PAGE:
(This is the third of a three-part post. Read parts one and two here & here.)
The weekend finished up in Baltimore, MD, at The Ottobar, a venue that has become a regular stop among my show-going friends, to once again catch Jello Biafra &
The Guantanamo School of Medicine. This was a Sunday night all-ages show, so we had no idea what sort of crowd to expect. About 200 showed up, mostly skewing older, to see Jello and three opening bands.
The first two bands up were local Baltimorians. 4 Footer was about halfway through their set when we got there, so I didn't get to see or hear enough of them to form an opinion, but what I did see was interesting. Their sound was kind of punky southern hard rock, not entirely unlike Nine Pound Hammer to my ears (and that would be a good thing!) But, by the time we had our first round of beers and staked out our space in the club, their set was over.
We had no idea what to expect when The Fishnet Stalkers took the stage, dressed like it was 1979 (the striped shirt/skinny tie look). What a pleasant surprise they turned out to be! Like a slightly harder-edged Chesterfield Kings, or Jagger and Richards filtered through The Dead Boys, they played tough without sacrificing melody. Playing for the hometown crowd helped, but this band is definitely one to watch - they have the chops to be big time if they choose.
Witch Hunt traveled along with Jello Biafra throughout this tour, and seeing them a second time only reinforced for me how good they are. I daresay they sounded better Sunday night than Friday. Their drummer is simply astounding, playing at hyper-thrash speeds and propelling the band through song after song without missing a beat - literally. They seemed to spend a little more time giving their between-song protest speeches on this night as well, but that is forgiven when the music is this good.
During Witch Hunt's set, we spotted Jello Biafra walking through the crowd. It was strange - very few people seemed to recognize him. Then again, I have to remember that the Dead Kennedys actually split up before many of the kids in the crowd were even born. Maybe they had never seen him live before? I decided to go over to Jello and shake his hand and thank him for thirty years of great music. In typical Jello fashion, he corrected me: "It's been thirty-two years!" he smiled, "I was 19 when we started Dead Kennedys." We talked a bit about the Philly show, and he mentioned how he is usually completely spent after a performance - which is very believable. I asked if he'd be willing to sign Dead Kennedys records, knowing that the band's split was less than harmonious. He said sure, as long as they were originals on Alternative Tentacles and not the represses through East Bay Ray's label. He directed me over to his roadie to be sure to catch him after the show.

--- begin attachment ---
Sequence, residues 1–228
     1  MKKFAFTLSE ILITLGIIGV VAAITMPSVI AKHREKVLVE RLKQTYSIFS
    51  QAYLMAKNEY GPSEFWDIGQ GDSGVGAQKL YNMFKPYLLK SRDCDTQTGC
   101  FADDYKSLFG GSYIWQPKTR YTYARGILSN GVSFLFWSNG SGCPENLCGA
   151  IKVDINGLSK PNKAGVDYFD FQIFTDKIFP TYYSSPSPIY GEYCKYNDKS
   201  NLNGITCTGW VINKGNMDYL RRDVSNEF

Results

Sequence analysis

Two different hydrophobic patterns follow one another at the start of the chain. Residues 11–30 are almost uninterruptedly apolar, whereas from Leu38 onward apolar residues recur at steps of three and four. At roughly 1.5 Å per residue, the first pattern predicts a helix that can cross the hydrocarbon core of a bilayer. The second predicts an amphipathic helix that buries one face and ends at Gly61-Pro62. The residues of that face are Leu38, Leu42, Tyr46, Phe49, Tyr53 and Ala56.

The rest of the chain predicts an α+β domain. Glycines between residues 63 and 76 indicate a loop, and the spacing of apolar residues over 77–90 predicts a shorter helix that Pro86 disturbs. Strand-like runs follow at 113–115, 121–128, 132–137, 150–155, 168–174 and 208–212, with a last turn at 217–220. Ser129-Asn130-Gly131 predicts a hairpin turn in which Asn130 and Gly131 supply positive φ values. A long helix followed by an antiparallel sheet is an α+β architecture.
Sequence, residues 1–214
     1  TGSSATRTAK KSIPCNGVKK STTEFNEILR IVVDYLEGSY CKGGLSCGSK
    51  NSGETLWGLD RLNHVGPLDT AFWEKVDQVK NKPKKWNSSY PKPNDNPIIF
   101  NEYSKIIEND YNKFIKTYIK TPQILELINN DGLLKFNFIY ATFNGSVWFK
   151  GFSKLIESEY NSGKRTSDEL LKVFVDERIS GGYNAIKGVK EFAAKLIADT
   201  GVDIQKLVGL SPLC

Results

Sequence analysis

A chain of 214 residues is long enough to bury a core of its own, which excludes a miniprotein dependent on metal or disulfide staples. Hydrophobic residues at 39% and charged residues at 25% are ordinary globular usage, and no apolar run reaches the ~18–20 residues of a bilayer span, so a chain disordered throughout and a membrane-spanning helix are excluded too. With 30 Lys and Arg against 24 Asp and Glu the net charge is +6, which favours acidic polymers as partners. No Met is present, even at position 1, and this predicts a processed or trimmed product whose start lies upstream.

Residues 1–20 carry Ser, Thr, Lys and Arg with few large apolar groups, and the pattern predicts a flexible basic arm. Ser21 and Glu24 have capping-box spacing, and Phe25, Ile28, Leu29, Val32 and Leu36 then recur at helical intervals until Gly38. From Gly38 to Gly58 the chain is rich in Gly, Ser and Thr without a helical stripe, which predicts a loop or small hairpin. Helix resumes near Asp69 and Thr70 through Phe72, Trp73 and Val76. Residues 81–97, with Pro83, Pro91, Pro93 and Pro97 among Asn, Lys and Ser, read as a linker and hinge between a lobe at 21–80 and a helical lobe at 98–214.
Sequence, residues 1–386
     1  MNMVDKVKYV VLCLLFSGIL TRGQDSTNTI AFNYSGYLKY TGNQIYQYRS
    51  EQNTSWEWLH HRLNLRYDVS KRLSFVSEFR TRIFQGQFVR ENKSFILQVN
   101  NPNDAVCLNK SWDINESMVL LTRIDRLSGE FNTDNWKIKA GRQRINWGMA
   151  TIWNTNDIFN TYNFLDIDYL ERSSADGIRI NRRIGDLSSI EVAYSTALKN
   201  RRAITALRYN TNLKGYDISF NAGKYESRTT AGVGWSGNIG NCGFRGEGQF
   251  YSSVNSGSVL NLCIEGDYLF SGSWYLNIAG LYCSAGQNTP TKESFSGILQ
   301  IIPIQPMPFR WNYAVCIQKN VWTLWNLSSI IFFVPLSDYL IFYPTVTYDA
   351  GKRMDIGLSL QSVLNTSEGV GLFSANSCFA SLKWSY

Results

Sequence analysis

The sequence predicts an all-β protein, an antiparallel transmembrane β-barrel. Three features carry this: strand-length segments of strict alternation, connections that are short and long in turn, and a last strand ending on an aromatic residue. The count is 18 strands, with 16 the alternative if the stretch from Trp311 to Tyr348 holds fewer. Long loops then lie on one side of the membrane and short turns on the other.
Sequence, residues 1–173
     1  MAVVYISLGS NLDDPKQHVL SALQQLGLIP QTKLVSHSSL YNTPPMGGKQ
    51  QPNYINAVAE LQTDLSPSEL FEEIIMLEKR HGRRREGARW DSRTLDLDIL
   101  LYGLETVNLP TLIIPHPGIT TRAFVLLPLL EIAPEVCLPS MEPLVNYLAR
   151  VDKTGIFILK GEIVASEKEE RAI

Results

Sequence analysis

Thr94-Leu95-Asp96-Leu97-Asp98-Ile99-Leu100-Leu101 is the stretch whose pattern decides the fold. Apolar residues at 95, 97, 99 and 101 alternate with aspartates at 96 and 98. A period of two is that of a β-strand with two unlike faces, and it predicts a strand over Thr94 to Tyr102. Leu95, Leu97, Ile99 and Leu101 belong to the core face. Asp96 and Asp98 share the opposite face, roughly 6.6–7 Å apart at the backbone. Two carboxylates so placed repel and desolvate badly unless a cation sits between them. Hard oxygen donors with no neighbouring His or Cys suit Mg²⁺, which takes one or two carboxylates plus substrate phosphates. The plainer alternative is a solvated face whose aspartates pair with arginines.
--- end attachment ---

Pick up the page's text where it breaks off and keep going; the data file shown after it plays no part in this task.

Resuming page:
Jello and the band ran through the same set in Baltimore as in Philly, with only minor changes in patter and pacing, and they were every bit as fantastic the second time around. As opposed to The Trocadero, where stage diving was commonplace, The Ottobar was plastered with signs saying "Absolutely No Stage Diving Whatsoever!" As a result, the crowd's energy was different, but no less positive than Philadelphia's. In fact, The Ottobar's set up, with a much lower stage and a loft off to the left, allowed Jello much more freedom to interact directly with the crowd.
About half an hour after the show, Jello came out to greet the dozen or so fans like us who had stuck around. He couldn't spend a lot of time with us - he desperately wanted to get something to eat and had to get on the road to Washington DC, but he spent about 10 - 15 minutes talking with everyone and signing records, always checking to make sure they were originals. I heard him tell one person who handed him a record, "I can't sign this one, this is a completely illegitimate pressing. East Bay Ray didn't even make any money off of this one!" Wonder what record that was? He wasn't nasty about it, though, and his stance on only signing original material is completely understandable.
As we filed out of the club, we met up with GSM bassist Andrew Weiss, who talked with us for about twenty minutes about his days in Rollins Band. We asked him about the band Scornflakes, which was the New Jersey-based improvisational punk band he had been in before joining Rollins. He seemed surprised that we knew of Scornflakes, since "about 10 of the 12 shows we played live were at City Gardens," a venue in Trenton, NJ, where we had seen many a show in the '80s. He was happy to talk about the old City Garden days, and mentioned that there was a Scornflakes record out there that they had recorded live. By now it was getting to be almost 1:00 AM and there was long drive home ahead of us, so after thanking Andrew for the show, we hit the road.
Amazing postscript: we had all taken Monday off from work, and we wandered into a used record shop Monday afternoon and found - of all things - the Scornflakes record! A buddy of mine took it; maybe he'll eventually get Andrew to sign it!
It was a fantastic weekend all around, filled with great bands, great music, great people and great memories. I was exhausted when it was over, but happily so. So when does the next weekend full of cool bands come around?
(Visit That's What I Was Going To Say's Facebook page for more pics from Sunday night's show.)